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Mmm … Doughnuts! National Doughnut Day

Ever wonder where this sweet, circular treat (Homer Simpson’s fave!) came from? National Doughnut Day is June 1th!

The Early Years

Doughnuts have been around for hundreds of years. Archaeologists turned up several fossilized fried cakes with holes in the center in prehistoric ruins in the Southwestern United States. How these early Native Americans prepared their doughnuts is still unknown.

Most historians talk about doughnut history as starting in the mid-19th century, when the Dutch wrote down their recipes for “olykoeks,” or “oily cakes,” which were balls of sweet dough fried in pork fat, with apples, prunes or raisins in the middle. Soon after, the Pilgrims brought the tasty snack with them to America. There was just one little problem with doughnuts back then – when the olykoeks were pulled out of the hot oil, the centers were hardly ever cooked through.

Hole In One

So how did doughnuts get their modern-day name? There’s a story about a woman from New England – Elizabeth Gregory – who was known for her yummy olykoeks. Her secret was to add a hint of nutmeg and fill the center with hazelnuts or walnuts. She even had a special name for her creation: dough-nuts. (She may have got the name from an instruction in the recipe, which said to make “little nuts of dough” and place them into the hot oil.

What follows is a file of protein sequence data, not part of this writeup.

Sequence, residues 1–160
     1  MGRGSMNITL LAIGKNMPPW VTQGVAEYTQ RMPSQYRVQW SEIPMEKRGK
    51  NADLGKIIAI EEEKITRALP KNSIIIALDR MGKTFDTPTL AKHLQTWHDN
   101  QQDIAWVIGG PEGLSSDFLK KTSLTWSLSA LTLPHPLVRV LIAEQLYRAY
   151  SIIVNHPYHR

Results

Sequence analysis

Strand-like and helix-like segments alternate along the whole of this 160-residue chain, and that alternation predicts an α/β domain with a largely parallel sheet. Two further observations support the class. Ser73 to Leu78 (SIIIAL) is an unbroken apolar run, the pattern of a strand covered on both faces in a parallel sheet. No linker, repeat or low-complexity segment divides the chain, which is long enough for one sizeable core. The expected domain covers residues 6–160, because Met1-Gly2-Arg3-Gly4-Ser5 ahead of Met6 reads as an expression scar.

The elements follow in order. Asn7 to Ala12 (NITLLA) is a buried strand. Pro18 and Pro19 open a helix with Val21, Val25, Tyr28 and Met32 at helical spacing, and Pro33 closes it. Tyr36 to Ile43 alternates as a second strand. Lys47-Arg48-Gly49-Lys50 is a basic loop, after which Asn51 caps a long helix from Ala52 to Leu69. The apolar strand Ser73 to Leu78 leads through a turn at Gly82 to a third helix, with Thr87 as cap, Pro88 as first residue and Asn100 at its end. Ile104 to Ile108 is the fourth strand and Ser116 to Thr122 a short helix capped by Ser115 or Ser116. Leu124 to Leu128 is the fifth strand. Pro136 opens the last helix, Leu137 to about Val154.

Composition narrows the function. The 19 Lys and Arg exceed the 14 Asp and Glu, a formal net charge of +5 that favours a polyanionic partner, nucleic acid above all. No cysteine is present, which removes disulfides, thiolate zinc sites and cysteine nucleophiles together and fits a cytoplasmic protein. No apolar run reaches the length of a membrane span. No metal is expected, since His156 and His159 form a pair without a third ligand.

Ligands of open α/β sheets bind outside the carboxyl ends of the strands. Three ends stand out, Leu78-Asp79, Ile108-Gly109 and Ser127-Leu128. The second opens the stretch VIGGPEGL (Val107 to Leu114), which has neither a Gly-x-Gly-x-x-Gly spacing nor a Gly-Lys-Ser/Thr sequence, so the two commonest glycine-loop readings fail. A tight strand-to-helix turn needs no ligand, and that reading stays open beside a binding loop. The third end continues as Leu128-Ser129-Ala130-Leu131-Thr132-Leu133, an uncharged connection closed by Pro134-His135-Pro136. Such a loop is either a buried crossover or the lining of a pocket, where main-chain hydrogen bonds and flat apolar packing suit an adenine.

And how did doughnuts get the whole in the center? Well, the story of Elizabeth Gregory continues, though there are a few different endings. In one, she gives her son – a sea captain – some dough-nuts to take with him on one of his ocean journeys. But when a storm started at sea, the captain found himself having a hard time holding the treat and steering the ship. So he impaled the dough-nut on one of the steering wheel’s spokes, creating a hole in the middle of it.

Another version of the story says the captain simply didn’t like the nuts his mother put in the center of the dough-nuts, so he poked them out, leaving an empty whole in the middle. Whatever the real story is, there were benefits to making doughnuts with holes. They cooked more evenly and their unique shape made them extremely popular.

During World War I, doughnuts had already achieved status as an American favorite. Young American men fighting oversees were served doughnuts by grateful Frenchmen as a reminder of the food back home.

By the 1920s doughnuts were being mass-produced, mostly as a snack in theaters. To satisfy the growing demand for doughnuts in one New York neighborhood, a Russian named Adolph Levitt created the first doughnut machine. By 1934, the same year that the World's Fair in Chicago declared the doughnut "the food hit of the Century Of Progress," Levit was pulling down twenty-five-million dollars annually for the sale of his doughnut machines to bakeries.

Doughnut chains like Krispy Kreme Doughnuts and Dunkin’ Doughnuts started popping up in the 1940s and 50s.

In 1998, Winchell's House of Donuts in Pasadena created the world's largest doughnut to celebrate its 50th anniversary. The gigantic apple fritter weighed 5,000 pounds and was 95 feet wide.

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Donut poll

What's Homer's Favorite Food? Guess!